Because fatigue, which is a non-specific symptom, was the only primary outcome measure affected and because the treatment examined was associated with adverse events, the results of this study do not support the use of additional antibiotic therapy with parenteral ceftriaxone in post-treatment, persistently fatigued PLS patients. We do not know whether the benefit observed for fatigue is due to antibacterial effects or some other mechanism. Additional follow-up studies on patients enrolled in both the NIAID-supported NEMC and SUNY studies revealed that 28 to 90 days of antibiotic therapy had no beneficial effect with respect to several measures of cognitive function (Neurology 60:1916, 2003).

    Both the intramural and extramural studies mentioned above involve data collection as well as the maintenance of specimen repositories. Such specimens have been made available to other investigators working on Lyme disease and thus have contributed significantly to the development of improved and/or novel diagnostic procedures.

    Appropriate animal models also have provided considerable information on the transmission and pathogenesis of Lyme borreliosis, as well as on the mechanisms involved in the development of protective immunity. NIAID, in collaboration with NINDS, has broadened these efforts to include comprehensive studies on non-human primate animal models for experimental research on the neuropathology associated with chronic Lyme borreliosis. A major goal of these studies is to optimize the Rhesus model of Lyme borreliosis as well as to determine the pathogenesis of the disease with a focus on the neurological manifestations. We anticipate these studies, which were undertaken at the urging of several Lyme disease patient advocates, will expand our knowledge of those factors that contribute to the pathology associated with persistent infection of the central nervous system by B. burgdorferi and ultimately will enable us to devise more effective clinical approaches for treating chronic Lyme borreliosis in humans. They also will supplement and enhance the results of current clinical studies on the efficacy of antibiotic therapies for treating chronic Lyme disease and provide precedents for use in designing future clinical studies.

    Other studies have shown that B. burgdorferi can be detected in mice for at least 3 months after treatment with therapeutic doses of various antibiotics (ceftriaxone, doxycycline, or azithromycin). These surviving spirochetes could not be transmitted to healthy mice and some lacked plasmid genes associated with infectivity. By 6 months, antibiotic-treated mice no longer tested positive for the presence of B. burgdorferi, and even cortisone immunosuppression failed to alter this result; that is, it failed to activate infection. Nine months after antibiotic treatment, low levels of Borrelia DNA still could be detected in some—but not all—of the mice. These findings indicate that noninfectious B. burgdorferi can persist in mice for a limited period of time after antibiotic therapy. The implications of these findings to persistent infection and the nature of chronic Lyme disease in humans remain to be assessed.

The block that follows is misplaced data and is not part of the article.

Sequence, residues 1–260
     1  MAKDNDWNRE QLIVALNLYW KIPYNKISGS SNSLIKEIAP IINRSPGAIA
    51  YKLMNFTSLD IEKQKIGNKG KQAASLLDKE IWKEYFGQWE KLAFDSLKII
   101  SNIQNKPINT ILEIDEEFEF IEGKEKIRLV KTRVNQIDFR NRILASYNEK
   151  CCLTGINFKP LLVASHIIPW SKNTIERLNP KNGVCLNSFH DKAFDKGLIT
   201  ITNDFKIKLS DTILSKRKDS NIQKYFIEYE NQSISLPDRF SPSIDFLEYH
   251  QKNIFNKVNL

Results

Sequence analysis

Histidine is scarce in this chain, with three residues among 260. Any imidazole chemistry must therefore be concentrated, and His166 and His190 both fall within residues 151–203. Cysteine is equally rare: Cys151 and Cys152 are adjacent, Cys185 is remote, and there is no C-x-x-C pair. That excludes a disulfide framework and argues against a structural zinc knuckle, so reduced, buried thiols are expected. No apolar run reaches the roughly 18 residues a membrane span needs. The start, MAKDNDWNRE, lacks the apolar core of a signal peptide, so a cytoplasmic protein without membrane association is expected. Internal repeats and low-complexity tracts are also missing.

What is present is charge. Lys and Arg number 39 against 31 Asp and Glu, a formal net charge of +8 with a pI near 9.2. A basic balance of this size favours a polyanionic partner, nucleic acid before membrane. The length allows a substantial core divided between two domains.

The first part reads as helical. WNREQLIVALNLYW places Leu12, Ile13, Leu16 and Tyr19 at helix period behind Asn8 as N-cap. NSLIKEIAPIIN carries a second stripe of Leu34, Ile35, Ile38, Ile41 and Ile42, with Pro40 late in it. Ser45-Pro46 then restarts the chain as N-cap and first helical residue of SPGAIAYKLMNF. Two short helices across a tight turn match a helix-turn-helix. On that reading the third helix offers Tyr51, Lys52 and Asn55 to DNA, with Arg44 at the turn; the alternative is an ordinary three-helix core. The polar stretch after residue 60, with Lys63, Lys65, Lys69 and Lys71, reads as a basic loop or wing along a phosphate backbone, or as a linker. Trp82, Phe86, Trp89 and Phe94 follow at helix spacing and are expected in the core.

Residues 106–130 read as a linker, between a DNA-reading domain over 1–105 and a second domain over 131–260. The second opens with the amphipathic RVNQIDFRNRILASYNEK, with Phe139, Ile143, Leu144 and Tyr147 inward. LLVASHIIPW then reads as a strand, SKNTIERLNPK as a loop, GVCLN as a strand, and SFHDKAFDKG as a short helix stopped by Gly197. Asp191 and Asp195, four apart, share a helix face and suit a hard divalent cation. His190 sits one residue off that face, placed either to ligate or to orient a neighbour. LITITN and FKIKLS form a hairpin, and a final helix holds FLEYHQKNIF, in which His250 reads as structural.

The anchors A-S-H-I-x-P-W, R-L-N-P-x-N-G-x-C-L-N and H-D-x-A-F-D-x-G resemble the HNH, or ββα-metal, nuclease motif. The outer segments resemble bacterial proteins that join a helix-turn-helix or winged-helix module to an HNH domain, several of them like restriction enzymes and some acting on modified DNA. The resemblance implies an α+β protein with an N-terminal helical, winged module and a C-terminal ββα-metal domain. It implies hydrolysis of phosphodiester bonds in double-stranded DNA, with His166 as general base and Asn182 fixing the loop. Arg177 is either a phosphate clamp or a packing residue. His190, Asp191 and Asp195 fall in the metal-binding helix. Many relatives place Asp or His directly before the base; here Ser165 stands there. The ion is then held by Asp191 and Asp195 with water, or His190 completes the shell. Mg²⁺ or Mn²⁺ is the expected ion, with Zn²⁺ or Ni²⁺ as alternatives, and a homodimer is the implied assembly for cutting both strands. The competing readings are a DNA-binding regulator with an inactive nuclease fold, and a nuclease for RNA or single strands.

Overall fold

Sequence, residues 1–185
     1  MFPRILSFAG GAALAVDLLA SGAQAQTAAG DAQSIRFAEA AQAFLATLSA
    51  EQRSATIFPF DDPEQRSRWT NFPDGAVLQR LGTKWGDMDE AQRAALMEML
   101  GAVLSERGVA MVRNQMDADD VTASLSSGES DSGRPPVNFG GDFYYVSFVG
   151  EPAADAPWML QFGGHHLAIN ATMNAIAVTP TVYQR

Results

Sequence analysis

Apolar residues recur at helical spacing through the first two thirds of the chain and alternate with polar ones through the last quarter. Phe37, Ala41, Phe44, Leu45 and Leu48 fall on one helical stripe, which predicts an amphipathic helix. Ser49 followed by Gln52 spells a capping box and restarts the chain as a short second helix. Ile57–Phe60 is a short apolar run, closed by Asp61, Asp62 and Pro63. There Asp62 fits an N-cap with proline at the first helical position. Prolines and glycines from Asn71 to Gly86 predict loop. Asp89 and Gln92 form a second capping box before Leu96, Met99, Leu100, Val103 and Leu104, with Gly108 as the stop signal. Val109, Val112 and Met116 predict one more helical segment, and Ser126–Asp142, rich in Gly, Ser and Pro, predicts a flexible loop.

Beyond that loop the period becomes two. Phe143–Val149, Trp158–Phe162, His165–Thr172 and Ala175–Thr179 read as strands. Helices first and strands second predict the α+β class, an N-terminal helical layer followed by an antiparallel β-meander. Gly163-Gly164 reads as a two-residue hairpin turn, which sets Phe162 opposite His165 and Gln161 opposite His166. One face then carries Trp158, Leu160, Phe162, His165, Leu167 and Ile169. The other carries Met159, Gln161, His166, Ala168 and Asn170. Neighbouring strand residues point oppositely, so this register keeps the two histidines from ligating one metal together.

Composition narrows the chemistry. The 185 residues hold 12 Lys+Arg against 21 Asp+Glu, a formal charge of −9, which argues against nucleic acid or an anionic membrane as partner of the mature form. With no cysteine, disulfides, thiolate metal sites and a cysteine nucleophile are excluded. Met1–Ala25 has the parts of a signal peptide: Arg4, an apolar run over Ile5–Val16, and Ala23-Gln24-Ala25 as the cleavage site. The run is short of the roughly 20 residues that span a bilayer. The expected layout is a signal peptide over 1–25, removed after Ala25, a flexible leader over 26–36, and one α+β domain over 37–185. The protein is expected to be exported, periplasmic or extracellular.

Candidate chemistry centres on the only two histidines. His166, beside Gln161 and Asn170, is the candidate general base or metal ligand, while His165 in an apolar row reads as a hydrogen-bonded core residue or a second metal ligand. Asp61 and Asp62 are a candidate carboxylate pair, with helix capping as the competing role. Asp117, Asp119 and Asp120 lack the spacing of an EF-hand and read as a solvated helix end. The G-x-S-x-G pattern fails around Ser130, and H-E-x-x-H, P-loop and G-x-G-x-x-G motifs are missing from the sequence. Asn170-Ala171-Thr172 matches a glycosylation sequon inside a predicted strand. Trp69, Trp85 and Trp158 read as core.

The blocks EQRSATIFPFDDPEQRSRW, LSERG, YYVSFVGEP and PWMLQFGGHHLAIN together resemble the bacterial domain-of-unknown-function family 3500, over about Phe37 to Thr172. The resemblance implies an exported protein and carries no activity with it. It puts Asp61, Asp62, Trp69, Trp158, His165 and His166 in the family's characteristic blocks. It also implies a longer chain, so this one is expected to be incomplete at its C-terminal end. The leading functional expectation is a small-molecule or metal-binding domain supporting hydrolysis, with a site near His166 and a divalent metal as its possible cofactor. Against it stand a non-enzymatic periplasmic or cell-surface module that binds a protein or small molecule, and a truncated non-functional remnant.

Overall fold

Since various published reports suggested the possibility that B. burgdorferi may play a role in the etiology of Alzheimer’s disease, NIAID intramural scientists examined this issue in greater detail. The results of a recent study, using a very sensitive PCR assay capable of amplifying a Borrelia-specific DNA target sequence from all strains of B. burgdorferi sensu lato species known to cause disease in humans, provided no evidence to indicate the presence of Borrelia in the brains of deceased patients with Alzheimer’s disease. Although the Lyme Urinary Antigen Test (LUAT) is one of several diagnostic tests used routinely in NIAID’s clinical studies on chronic Lyme disease, the results of independent quality control assessments of tests conducted by extramural and intramural scientists showed the LUAT to be unreliable because it yields an unacceptably high percentage of false positive reactions. By contrast, the similar assessments confirmed a high degree of reproducibility and concordance (virtually 100 percent) for the results obtained using ELISA and Western blot assays.

    NIAID expects to sustain a high level of activity in research on Lyme disease in the coming years. It will continue to encourage research on alternative modes of therapy as well as the development of animal models that mimic human infection to enhance or supplement ongoing clinical studies. NIAID investigators conducting controlled clinical studies on therapeutic approaches for treating chronic Lyme disease participated in an NINDS-sponsored conference on neuroborreliosis to facilitate the exchange and application of new knowledge as well as to foster collaborative interactions. Since the complete genome of B. burgdorferi has been sequenced by scientists at The Institute for Genomic Research (TIGR), the widespread application of this information will play a significant role in increasing our understanding of the pathogenesis of Lyme disease at the molecular and cellular levels, as well as to accelerate the development of improved diagnostic tests. Researchers already are applying microarray technology to this end.

    THE ROLE OF AUTOIMMUNE REACTIVITY